Los Angeles: The US anti-doping agency on Friday stripped cycling icon Lance Armstrong of his record seven Tour de France titles and slapped him with a lifetime ban from competition.
Armstrong announced on Thursday that he was dropping his legal challenge against USADA over claims that he cheated and used performance-enhancing drugs to win cycling’s most prestigious race from 1999 to 2005.
The 40-year-old, who battled to the top of his sport after beating life-threatening cancer, maintained his innocence but said he had grown weary of the fight and the strain it had put on his personal and professional life.
“There comes a point in every man’s life when he has to say ‘enough is enough.’ For me, that time is now,” he said in a statement.
USADA took his announcement as an admission of guilt and proceeded with severe sanctions against the former champion and global sporting icon that will forever tarnish his inspirational legacy.
“USADA announced today that Lance Armstrong has chosen not to move forward with the independent arbitration process and as a result has received a lifetime period of ineligibility and disqualification of all competitive results from August 1, 1998 through the present,” a statement said.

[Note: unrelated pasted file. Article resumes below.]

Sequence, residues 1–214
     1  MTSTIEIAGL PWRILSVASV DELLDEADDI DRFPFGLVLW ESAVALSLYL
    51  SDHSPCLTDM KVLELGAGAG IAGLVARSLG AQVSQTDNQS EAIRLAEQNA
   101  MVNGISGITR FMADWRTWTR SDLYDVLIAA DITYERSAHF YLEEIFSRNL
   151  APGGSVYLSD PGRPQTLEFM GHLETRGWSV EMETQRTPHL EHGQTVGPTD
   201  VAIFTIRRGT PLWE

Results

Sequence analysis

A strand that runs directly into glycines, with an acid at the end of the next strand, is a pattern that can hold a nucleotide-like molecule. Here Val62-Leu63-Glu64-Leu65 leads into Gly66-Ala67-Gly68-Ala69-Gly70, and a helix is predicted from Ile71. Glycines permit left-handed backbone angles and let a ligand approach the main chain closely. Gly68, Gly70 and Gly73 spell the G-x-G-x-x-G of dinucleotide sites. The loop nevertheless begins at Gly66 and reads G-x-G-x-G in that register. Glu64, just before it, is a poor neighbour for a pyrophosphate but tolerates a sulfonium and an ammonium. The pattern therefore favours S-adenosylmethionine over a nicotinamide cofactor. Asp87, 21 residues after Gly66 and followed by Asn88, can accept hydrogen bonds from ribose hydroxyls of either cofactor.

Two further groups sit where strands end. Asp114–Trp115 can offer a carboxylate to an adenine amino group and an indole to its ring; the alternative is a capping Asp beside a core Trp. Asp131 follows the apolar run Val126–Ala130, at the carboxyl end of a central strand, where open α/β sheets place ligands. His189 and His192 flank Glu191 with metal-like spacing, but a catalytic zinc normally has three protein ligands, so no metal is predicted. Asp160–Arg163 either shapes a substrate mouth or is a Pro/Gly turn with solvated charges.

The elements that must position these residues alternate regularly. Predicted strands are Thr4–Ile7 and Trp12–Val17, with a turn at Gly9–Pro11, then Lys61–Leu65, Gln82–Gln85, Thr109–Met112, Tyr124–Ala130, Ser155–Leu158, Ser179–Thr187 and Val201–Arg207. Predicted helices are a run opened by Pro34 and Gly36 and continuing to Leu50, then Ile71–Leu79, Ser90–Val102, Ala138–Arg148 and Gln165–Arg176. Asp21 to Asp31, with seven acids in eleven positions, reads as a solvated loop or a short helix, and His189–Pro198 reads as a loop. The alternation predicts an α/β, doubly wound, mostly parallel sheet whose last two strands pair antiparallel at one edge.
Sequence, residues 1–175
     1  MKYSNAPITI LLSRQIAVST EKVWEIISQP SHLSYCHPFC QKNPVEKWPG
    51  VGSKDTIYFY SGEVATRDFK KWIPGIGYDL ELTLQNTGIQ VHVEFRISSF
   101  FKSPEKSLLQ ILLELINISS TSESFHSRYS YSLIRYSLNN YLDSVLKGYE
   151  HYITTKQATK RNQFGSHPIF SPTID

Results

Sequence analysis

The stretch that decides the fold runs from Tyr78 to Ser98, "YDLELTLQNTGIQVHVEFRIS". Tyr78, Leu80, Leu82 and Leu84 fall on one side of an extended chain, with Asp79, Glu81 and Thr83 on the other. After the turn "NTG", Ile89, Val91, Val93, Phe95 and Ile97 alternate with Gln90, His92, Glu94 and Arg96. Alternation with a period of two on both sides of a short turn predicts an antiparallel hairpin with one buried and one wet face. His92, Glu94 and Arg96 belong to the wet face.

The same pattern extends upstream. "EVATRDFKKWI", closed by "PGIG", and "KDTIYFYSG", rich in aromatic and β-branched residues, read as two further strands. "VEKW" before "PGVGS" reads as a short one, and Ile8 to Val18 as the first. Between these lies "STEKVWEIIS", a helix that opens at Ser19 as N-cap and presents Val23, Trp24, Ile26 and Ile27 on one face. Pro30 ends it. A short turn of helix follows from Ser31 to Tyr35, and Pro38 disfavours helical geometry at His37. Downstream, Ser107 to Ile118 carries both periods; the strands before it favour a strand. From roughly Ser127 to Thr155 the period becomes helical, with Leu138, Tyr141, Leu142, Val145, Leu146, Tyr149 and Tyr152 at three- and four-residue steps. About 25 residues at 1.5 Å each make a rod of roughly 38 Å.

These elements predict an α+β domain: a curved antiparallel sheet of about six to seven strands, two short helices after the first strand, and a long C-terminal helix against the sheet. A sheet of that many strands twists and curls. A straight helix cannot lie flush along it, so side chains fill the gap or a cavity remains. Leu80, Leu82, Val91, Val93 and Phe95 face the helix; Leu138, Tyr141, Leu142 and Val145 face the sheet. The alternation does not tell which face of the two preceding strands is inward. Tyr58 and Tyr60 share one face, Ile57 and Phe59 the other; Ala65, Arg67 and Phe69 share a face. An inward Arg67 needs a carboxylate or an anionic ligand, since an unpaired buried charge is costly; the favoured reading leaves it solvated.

This may not be the end of the matter as the International Cycling Union, the sport’s governing body, has been fighting USADA for jurisdiction of the Armstrong case and could launch an appeal or fail to recognise the move.
Prior to USADA’s punishment, Armstrong condemned the US anti-doping organisation for what he called an “unconstitutional witch hunt” and said it had no right to strip him of his titles.
“I have been dealing with claims that I cheated and had an unfair advantage in winning my seven Tours since 1999,” he said. “The toll this has taken on my family, and my work for our foundation and on me leads me to where I am today - finished with this nonsense.”